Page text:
Backers to hold off on pension ballot measures this year

Former Republican congressional candidate and former San Diego Councilman Carl DeMaio.

Former Republican congressional candidate and former San Diego Councilman Carl DeMaio.

(Don Bartletti / Los Angeles Times)

Proponents of a pair of initiatives to curb retirement benefits for public employees said Monday they will not go forward with their ballot measures this year.

Instead, former San Diego Councilman Carl DeMaio and former San Jose Mayor Chuck Reed said they will seek to qualify their measures in 2018, when they believe they’ll face a more favorable political landscape.

“We need pension reform to protect our education system and vital public services from these fast-growing burdens,” DeMaio, a Republican, and Reed, a Democrat, wrote in an email to supporters. “Although our polling today shows continued strong public support for pension reform, we believe 2018 will provide an even better environment for substantial reform as rising retirement costs further squeeze their schools and local agencies budgets.”


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DeMaio and Reed filed two ballot measures last year aiming to shrink public employee pensions: One would have required voter approval for defined-benefit pensions for new workers after 2019, and the other would have limited what the government could pay toward new employees’ retirement benefits.



1:50 p.m.: In an earlier version of this post, the caption said DeMaio was a congressman. He is a former Republican congressional candidate.


Labor unions were quick to voice their opposition to the proposals and were expected to spend heavily against them.

DeMaio, in an interview Monday, said the measures’ backers decided to hold off this year in part because they were awaiting the result of a U.S. Supreme Court case on mandatory union fees. If justices decide to strike down such fees, it could deal a major blow to labor unions.


“If labor unions aren’t able to spend unlimited amounts of money, that certainly heightens the chance of [pension] reform,” DeMaio said.

He also said instability in the stock market could make their proposals more palatable.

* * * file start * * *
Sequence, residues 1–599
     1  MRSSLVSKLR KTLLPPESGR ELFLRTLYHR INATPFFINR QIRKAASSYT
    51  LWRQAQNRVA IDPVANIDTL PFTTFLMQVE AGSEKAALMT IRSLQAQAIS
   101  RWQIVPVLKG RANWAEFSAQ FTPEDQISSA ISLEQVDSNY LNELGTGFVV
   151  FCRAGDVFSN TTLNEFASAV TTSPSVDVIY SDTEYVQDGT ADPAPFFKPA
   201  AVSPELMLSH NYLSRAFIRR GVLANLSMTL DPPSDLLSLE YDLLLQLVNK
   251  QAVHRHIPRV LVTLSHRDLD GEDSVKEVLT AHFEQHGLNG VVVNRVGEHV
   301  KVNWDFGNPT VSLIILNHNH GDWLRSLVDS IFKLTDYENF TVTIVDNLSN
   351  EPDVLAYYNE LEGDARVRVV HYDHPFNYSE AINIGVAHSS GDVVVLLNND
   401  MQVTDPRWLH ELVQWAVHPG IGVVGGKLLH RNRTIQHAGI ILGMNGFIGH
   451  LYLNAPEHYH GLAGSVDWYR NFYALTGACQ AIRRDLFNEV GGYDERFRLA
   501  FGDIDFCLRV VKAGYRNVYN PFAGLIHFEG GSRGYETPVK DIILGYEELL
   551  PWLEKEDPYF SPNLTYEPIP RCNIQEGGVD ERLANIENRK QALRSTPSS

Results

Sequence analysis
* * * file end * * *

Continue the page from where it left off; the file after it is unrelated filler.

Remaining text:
“We believe that as the markets begin to show distress, taxpayers will see it’s not fun seeing their 401(k)s go down and then have to turn around and write bailout checks for government pension programs,” DeMaio said.

This isn’t the first time supporters of pension overhaul have delayed their path to the ballot. In 2012, a Republican-led group abandoned its initiative campaign; in 2014, Reed pulled his own statewide initiative. In both cases, proponents accused Atty. Gen. Kamala Harris of crafting a politically slanted summary that would dissuade voters from the measures.

Reed sued Harris over her title and summary of his measure in 2014. A judge ruled her description was fair.

Dave Low, chairman of Californians for Retirement Security, a coalition of labor groups opposing the proposals, said Reed and DeMaio’s efforts “failed because they were too extreme, would have cost taxpayers billions of dollars, and would have destabilized our state’s two retirement systems, CalPERS and CalSTRS.”

“We are skeptical that donors will have any confidence in these two failed politicians who have repeatedly bungled efforts to put their poorly written efforts to gut retirement security for millions of Californians on the ballot,” Low said in a statement. “They can be assured that any scheme they cook up for 2018 will meet the same fate of their previous efforts because we will fight it with our full arsenal.”
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